Saturday, August 20, 2005

The National Collegiate Athletic Association created some wiggle room yesterday in its recent decision to ban American Indian imagery, announcing that it would give latitude to universities whose “namesake” tribe supports the mascot.

A newly formed staff committee charged with reviewing appeals to the Aug. 5 ruling will take into account the university’s relationship with the tribe as a “primary factor,” according to a statement released yesterday by the NCAA.

The announcement was good news at the home of the Fighting Sioux — the University of North Dakota, whose president fired off a letter last week announcing his intention to appeal the decision and, if necessary, take the matter to court.

But Vernon Bellecourt, president of the National Coalition on Racism in Sports and Media, said a tribal council’s seal of approval shouldn’t stop the NCAA from enforcing its ruling, which would ban American Indian nicknames and imagery in postseason tournaments.

Yesterday’s decision by the NCAA also was hailed at Florida State University — the home of the Seminoles, which enjoys a strong relationship with the Seminole Nation of Florida. On June 17, the tribal council voted unanimously to affirm “its ongoing support of the university’s use of its name and symbols.”

“We are hopeful that the NCAA will recognize the sovereignty of the Seminole Tribe of Florida and respect its support of Florida State University’s use of the Seminole name,” FSU President T.K. Wetherell said yesterday.

However, Mr. Bellecourt called the Seminole council members “hang-around-the-fort Indians,” a reference to American Indians who were friendly with the U.S. Army and set up camp near their forts during the 1800s.

“The tribal leaders don’t speak for all Seminoles, and there are Seminoles who oppose the use of the Seminole name as a sports mascot,” said Mr. Bellecourt, a member of the Objiwe Nation in Minnesota.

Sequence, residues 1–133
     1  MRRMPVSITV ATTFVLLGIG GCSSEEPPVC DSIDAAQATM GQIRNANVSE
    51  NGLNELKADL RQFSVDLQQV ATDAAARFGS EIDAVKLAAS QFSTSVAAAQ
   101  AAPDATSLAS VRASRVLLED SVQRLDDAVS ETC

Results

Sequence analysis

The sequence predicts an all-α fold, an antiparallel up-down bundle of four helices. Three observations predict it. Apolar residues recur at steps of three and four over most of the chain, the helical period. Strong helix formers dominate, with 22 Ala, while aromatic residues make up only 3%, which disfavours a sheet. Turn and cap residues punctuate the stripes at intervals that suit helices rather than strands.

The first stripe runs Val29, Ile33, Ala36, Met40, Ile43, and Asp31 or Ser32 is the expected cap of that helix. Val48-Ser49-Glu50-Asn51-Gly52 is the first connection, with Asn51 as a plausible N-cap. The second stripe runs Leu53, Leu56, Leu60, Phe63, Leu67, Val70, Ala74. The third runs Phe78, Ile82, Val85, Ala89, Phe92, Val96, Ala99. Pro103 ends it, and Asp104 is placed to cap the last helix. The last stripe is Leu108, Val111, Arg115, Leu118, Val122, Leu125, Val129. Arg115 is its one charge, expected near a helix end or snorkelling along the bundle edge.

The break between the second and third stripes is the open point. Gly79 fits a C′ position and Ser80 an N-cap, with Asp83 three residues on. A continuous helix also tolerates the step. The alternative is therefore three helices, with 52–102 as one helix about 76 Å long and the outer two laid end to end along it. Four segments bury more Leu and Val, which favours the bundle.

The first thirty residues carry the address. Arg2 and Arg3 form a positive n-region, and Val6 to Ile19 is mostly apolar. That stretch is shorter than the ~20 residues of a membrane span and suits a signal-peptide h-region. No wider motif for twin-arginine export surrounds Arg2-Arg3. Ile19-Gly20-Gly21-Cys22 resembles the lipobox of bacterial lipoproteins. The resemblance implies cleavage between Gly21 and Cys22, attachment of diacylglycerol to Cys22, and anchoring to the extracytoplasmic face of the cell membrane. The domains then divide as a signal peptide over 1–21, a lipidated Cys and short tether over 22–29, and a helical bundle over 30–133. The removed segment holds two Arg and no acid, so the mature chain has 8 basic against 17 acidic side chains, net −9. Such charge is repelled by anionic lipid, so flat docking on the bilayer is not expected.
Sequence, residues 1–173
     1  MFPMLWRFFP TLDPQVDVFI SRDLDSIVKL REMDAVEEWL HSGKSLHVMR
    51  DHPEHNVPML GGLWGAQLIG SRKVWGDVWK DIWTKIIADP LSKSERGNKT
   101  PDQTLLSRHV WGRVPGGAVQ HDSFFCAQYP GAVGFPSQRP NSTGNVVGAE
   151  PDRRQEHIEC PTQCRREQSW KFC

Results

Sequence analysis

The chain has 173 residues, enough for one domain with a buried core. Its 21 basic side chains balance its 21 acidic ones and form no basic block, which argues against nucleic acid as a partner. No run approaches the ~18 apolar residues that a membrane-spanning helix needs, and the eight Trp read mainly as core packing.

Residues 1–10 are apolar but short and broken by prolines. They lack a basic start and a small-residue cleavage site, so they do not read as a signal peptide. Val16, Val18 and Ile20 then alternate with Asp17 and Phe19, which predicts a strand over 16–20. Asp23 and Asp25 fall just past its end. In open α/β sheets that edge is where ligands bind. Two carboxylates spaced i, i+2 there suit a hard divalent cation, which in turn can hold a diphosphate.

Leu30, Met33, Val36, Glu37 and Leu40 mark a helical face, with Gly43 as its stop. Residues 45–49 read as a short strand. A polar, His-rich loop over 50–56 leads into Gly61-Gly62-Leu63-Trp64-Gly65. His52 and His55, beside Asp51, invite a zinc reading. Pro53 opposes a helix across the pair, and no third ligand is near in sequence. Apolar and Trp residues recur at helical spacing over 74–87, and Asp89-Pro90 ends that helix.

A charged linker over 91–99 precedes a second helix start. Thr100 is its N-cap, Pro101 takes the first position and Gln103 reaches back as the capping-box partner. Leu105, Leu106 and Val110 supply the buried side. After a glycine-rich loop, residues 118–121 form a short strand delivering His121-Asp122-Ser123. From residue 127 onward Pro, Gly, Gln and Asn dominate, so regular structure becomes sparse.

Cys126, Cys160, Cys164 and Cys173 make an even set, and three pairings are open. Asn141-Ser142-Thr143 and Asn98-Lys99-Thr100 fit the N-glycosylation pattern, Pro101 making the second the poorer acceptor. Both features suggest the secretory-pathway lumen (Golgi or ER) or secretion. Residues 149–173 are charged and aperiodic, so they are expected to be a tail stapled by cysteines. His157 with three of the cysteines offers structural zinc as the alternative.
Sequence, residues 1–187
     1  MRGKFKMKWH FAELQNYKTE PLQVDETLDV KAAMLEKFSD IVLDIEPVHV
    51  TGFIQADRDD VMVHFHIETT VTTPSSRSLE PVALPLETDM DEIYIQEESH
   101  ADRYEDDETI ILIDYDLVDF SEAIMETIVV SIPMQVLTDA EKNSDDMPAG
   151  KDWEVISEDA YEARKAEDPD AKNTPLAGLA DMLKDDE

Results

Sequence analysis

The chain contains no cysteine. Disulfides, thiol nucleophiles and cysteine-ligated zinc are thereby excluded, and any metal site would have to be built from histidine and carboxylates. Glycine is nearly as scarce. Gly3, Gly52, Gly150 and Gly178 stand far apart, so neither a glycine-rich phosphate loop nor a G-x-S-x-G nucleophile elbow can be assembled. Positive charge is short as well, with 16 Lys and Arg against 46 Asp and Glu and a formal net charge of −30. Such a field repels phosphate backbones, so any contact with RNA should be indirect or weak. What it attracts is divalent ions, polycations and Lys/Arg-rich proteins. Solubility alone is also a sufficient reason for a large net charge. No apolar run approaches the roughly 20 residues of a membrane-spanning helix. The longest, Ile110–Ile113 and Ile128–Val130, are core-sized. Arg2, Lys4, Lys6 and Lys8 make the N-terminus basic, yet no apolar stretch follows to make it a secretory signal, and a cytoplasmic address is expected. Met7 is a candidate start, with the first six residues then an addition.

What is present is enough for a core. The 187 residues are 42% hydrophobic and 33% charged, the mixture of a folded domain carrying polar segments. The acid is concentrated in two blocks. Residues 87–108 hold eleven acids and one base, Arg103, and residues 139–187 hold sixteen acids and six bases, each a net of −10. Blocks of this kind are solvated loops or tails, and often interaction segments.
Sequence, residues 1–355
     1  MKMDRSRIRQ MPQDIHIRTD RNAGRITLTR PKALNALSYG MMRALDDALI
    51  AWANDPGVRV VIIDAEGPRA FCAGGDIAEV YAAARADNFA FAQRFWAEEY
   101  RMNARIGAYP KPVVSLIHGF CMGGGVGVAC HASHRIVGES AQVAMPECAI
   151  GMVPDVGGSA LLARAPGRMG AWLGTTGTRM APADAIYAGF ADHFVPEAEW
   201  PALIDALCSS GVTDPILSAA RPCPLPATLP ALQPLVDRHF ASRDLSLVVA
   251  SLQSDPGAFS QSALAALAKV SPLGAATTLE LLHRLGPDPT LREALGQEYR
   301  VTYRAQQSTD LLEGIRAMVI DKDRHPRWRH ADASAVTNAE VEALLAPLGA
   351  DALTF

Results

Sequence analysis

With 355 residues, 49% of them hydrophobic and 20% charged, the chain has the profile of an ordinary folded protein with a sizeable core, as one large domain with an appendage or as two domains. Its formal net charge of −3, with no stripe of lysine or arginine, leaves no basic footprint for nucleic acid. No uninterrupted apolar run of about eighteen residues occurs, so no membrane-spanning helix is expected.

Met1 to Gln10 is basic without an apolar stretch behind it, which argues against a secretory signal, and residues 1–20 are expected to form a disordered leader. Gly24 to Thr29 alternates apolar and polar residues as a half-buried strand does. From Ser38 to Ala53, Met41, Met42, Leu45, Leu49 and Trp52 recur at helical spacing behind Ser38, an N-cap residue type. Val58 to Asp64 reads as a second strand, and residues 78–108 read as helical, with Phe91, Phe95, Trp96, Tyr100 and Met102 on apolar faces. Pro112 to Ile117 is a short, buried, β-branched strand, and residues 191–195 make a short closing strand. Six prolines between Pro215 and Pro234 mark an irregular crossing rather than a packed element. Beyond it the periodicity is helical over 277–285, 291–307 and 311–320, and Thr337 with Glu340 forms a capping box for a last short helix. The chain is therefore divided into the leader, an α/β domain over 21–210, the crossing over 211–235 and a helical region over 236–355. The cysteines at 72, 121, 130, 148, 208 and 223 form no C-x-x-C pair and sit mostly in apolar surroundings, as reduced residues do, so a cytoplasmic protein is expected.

NCAA spokesman Erik Christianson said Florida State was the only university among the 18 with nicknames deemed “hostile or abusive” to have filed a formal appeal. The committee will begin considering the appeal Monday.

University of North Dakota President Charles E. Kupchella had said he was “stunned” and “angry” to see the Fighting Sioux included on the list of “hostile or abusive” mascots.

He noted that the university has no mascot, just a name and a logo designed by Ben Brien, a well-known Indian artist.

What’s more, Mr. Kupchella said, the logo is almost identical to those found on U.S. coins and North Dakota Highway Patrol cars.

It’s almost impossible to escape Indian references and names in North Dakota and its surrounding states, he said.

“I think you should find my confusion here understandable, since obviously if we were to call our teams ‘The Dakotans,’ we would actually be in more direct violation of what apparently the NCAA is trying to establish as a rule, even though this is the name of our state,” Mr. Kupchella said in an Aug. 12 letter to the NCAA.

The state’s two Sioux tribes are divided on the nickname issue. The Spirit Lake Sioux traditionally have supported the name, while the Standing Rock Sioux have opposed it, university spokesman Peter Johnson said.

The school can hardly be considered “hostile” to American Indians, university officials said. It enrolls 400 American Indian students and offers a wide array of specialized programs, including Indians in Medicine, which Mr. Kupchella credited with generating 20 percent of the nation’s American Indian doctors.

“I am very proud when I visit reservations in our state to see that a large number of the teachers, doctors, college presidents and other leaders are graduates of the University of North Dakota,” Mr. Kupchella said. “Do you really expect us to host a tournament in which these names and images are covered in some way that would imply that we are ashamed of them?”

Mr. Bellecourt said the university’s argument reminded him of Southerners who supported Jim Crow laws. “It’s ‘separate but equal’ all over again,” he said.

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